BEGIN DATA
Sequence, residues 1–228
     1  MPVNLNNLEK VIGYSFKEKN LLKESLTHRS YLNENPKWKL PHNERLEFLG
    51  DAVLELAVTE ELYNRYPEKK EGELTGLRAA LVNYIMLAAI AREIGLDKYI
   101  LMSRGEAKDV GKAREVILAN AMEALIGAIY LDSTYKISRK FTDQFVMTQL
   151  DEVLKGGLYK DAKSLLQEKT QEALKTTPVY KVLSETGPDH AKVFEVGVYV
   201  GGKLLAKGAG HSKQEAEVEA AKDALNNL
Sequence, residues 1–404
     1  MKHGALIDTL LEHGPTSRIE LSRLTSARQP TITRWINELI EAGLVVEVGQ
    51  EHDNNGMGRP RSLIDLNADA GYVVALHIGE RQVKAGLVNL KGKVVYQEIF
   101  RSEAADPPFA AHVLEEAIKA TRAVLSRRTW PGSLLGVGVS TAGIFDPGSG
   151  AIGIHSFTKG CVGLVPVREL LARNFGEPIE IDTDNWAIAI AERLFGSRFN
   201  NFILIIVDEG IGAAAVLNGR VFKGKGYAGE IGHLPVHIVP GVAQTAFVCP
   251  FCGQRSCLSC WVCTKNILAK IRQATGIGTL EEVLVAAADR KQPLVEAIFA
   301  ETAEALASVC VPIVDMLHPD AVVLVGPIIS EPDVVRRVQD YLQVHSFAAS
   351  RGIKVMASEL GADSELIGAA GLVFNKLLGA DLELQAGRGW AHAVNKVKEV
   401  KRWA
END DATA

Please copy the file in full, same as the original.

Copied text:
Sequence, residues 1–228
     1  MPVNLNNLEK VIGYSFKEKN LLKESLTHRS YLNENPKWKL PHNERLEFLG
    51  DAVLELAVTE ELYNRYPEKK EGELTGLRAA LVNYIMLAAI AREIGLDKYI
   101  LMSRGEAKDV GKAREVILAN AMEALIGAIY LDSTYKISRK FTDQFVMTQL
   151  DEVLKGGLYK DAKSLLQEKT QEALKTTPVY KVLSETGPDH AKVFEVGVYV
   201  GGKLLAKGAG HSKQEAEVEA AKDALNNL
Sequence, residues 1–404
     1  MKHGALIDTL LEHGPTSRIE LSRLTSARQP TITRWINELI EAGLVVEVGQ
    51  EHDNNGMGRP RSLIDLNADA GYVVALHIGE RQVKAGLVNL KGKVVYQEIF
   101  RSEAADPPFA AHVLEEAIKA TRAVLSRRTW PGSLLGVGVS TAGIFDPGSG
   151  AIGIHSFTKG CVGLVPVREL LARNFGEPIE IDTDNWAIAI AERLFGSRFN
   201  NFILIIVDEG IGAAAVLNGR VFKGKGYAGE IGHLPVHIVP GVAQTAFVCP
   251  FCGQRSCLSC WVCTKNILAK IRQATGIGTL EEVLVAAADR KQPLVEAIFA
   301  ETAEALASVC VPIVDMLHPD AVVLVGPIIS EPDVVRRVQD YLQVHSFAAS
   351  RGIKVMASEL GADSELIGAA GLVFNKLLGA DLELQAGRGW AHAVNKVKEV
   401  KRWA